DragonFly BSD
DragonFly kernel List (threaded) for 2006-05
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Re: cvs commit: src/sys/conf files src/sys/ddb db_ps.c src/sys/i386/i386 trap.c src/sys/kern init_main.c kern_synch.c kern_usched.c lwkt_thread.c usched_bsd4.c usched_dummy.c src/sys/sys globaldata.h thread.h usched.h

From: Matthew Dillon <dillon@xxxxxxxxxxxxxxxxxxxx>
Date: Tue, 30 May 2006 16:43:54 -0700 (PDT)

:It is quite possible that I misunderstand something here, so I
:apologise if this is a stupid question, but:
:I thought one of the goals of DragonFlyBSD (one which from what I have
:read is very novel, and seems to make much logical sense) is that
:threads are not moved between CPUs, and that this is *UNLIKE* FreeBSD
:5+ series which do allow threads to move between CPUs. That is the
:main use of LWKT and provides the ability for lockless algorithms to
:be used.
:Therefore, I guess what I do not understand is how giving a process a
:CPU mask that would allow it (e.g. on a quad core machine) to run on
:say two processors would then translate into the DFly model - does it
:mean that if the process has two LWPs, their associated kernel threads

    The kernel thread scheduler (LWKT) does not load balance threads 
    across cpus.  So e.g. kernel threads do not migrate.  Threads also
    do not get preemptively migrated while running in kernel mode.  However,
    the BSD4 scheduler, which is responsible for managing threads that
    run in user mode, WILL migrate threads.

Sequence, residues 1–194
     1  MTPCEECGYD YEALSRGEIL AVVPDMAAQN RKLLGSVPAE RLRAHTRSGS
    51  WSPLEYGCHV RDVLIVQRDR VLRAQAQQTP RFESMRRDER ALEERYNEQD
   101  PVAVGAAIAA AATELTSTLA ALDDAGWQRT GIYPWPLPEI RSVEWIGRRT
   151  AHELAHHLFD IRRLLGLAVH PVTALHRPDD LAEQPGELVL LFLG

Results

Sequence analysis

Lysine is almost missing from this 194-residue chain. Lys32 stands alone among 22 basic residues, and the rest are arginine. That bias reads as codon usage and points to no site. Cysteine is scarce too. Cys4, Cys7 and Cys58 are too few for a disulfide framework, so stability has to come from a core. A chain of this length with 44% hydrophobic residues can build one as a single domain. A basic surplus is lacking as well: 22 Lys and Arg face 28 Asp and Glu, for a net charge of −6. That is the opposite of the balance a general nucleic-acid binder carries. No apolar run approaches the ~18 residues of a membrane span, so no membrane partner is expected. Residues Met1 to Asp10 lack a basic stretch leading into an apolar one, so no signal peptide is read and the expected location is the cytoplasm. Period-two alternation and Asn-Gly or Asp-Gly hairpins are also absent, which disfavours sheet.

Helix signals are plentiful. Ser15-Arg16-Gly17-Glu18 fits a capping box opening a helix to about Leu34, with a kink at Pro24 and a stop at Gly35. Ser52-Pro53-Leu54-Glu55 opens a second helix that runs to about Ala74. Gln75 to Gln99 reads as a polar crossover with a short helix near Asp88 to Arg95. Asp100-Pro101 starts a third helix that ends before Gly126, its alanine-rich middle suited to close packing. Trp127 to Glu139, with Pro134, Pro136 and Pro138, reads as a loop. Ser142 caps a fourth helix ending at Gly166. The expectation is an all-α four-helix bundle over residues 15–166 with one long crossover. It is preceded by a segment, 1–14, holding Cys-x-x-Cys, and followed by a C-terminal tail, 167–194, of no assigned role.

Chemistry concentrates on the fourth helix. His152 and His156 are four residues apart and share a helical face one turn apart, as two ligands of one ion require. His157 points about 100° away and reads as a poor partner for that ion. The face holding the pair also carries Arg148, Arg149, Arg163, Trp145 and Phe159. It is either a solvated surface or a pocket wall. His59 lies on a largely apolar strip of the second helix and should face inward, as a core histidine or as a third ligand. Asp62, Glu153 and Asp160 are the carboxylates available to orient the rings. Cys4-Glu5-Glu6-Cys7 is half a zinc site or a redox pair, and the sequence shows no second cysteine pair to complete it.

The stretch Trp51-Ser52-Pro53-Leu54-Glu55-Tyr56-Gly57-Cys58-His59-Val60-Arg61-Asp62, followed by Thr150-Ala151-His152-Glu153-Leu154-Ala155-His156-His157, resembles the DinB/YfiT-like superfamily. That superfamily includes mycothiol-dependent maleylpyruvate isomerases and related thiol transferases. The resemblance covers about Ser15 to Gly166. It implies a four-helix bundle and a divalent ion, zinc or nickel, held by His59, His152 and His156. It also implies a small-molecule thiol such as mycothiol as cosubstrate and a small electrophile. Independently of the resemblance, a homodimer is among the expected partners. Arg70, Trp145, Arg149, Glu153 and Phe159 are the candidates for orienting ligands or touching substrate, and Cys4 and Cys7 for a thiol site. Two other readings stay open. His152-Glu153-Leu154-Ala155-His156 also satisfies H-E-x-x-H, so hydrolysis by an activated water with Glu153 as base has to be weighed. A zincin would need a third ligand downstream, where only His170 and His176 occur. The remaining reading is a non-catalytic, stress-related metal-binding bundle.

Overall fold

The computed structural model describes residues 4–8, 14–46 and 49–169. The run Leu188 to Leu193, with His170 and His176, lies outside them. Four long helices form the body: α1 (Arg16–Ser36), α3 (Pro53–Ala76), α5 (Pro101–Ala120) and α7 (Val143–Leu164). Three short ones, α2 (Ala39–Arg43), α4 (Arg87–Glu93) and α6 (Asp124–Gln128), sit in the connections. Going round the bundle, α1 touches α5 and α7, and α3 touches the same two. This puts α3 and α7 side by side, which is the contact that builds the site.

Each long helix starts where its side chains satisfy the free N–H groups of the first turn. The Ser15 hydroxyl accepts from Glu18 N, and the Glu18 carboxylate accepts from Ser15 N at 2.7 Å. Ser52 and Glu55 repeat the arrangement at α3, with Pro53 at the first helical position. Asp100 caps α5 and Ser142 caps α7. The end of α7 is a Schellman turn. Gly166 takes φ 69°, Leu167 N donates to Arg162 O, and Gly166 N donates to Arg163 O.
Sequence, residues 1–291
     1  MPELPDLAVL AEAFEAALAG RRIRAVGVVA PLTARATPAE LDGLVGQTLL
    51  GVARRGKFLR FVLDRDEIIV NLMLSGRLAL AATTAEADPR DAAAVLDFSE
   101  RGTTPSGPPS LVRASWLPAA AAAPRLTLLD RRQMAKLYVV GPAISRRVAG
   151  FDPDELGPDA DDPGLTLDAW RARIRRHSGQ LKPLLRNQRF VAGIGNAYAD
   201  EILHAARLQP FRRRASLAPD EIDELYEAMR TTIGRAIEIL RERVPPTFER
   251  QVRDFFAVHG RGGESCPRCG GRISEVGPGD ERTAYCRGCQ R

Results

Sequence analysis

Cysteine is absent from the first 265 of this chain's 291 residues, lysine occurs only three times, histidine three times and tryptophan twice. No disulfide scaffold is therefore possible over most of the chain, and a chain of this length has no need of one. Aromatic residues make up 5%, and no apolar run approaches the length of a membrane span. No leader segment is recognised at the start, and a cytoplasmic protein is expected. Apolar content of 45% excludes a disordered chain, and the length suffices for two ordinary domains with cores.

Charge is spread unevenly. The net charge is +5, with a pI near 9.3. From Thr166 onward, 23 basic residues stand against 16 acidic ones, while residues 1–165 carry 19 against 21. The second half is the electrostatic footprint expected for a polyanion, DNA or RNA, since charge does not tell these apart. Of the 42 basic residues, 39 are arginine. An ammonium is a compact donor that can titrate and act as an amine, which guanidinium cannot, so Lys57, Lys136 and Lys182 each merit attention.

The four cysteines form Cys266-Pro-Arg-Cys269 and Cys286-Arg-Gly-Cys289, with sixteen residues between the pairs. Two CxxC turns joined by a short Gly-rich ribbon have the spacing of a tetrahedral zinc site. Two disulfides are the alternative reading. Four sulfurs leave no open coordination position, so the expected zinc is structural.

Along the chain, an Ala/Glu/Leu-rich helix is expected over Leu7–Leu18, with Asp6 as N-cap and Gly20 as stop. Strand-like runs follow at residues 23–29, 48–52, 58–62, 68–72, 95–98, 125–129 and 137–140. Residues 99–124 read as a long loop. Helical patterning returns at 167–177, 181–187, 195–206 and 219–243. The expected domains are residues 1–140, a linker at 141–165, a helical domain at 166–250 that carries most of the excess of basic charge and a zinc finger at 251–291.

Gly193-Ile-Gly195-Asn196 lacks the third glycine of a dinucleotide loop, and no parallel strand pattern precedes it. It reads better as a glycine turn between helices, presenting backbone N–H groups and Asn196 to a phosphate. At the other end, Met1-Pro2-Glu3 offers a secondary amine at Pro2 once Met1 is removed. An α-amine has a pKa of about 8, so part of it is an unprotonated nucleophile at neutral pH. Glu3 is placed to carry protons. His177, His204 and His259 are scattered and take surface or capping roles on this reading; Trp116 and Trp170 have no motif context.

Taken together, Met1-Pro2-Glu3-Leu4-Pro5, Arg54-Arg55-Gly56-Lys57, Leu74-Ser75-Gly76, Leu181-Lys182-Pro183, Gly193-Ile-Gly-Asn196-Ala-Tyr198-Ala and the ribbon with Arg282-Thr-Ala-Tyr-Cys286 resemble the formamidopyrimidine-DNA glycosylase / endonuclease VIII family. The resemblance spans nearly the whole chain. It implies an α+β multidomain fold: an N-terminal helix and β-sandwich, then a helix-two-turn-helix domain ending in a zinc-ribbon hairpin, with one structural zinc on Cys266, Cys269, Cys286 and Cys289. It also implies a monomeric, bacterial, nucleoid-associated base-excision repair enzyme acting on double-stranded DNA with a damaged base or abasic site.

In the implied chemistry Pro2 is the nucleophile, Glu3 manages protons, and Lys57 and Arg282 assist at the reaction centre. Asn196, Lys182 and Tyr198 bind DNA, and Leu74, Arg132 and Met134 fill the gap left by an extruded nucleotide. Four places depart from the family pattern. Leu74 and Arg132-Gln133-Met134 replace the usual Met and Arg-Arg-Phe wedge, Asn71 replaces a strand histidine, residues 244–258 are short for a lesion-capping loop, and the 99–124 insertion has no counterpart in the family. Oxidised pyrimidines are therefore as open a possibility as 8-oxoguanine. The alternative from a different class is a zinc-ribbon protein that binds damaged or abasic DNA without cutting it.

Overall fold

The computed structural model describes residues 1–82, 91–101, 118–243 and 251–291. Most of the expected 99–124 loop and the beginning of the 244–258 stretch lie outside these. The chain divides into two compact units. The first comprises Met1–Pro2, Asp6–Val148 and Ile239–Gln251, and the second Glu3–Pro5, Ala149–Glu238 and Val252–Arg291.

The BSD4 scheduler tries to be smart about it, but it does do it.
    You pretty much have to because user processes do not represent a
    controlled load.  The kernel has no idea how little or how much cpu
    a user process will need.  So, e.g. if you are running two long-running
    computationally intensive progress the BSD4 scheduler clearly needs
    to make sure that they run on different cpus.

    Basically the way it works is that a user process is always woken up
    on the same cpu it went to sleep on UNLESS there is some other
    user process already running on that cpu and that other user process
    has a higher priority. 

    If the original cpu is not available, the BSD4 scheduler tries to migrate
    it to some other idle cpu, or it tries to find a cpu running a lower
    priority thread and asks that cpu to reschedule to pick up the thread.

    When a cpu is ready to switch to another user process the BSD4 scheduler
    pulls the highest priority user process off the run queue.  It currently
    checks the two highest priority processes for cpu affinity and chooses
    the one that matches if possible, otherwise it just pulls the highest
    process it can find off the run queue and schedules it on the cpu (which
    at this point might not be the same cpu the process was originally
    running on).

:would be split between the CPUs under their respective LWKT
:shcedulers? Or am I somehow confusing kernel space and user space? How
:would a single process with a single associated LWP and thus kernel
:thread (which I believe have a  1:1 relationship) benefit from a CPU
:mask specifying two or more CPUs to process on?
:Sorry for taking up your time if what I said seems silly.
:Thanks for your patience, Alex J Burke.

    There will always be certain classes of jobs where fine control of
    the cpu scheduling might be desireable.  The best example of this
    that I can think of is a video game where you might want the graphics
    to be driven off of one cpu and the game mechanics to be driven off

    Another example might be in a heavy proxy system (well, once we finish
    locking up the network stack).  You might want to run network device
    interrupts on one cpu and the IP stack on another.  Or in a router you
    might want to lock network interfaces to particular cpus.

    Or, say, if you are running a workstation and running a TV tuner or
    video thingamabob you might want to dedicate one cpu entirely to X
    (or whatever).

					Matthew Dillon 

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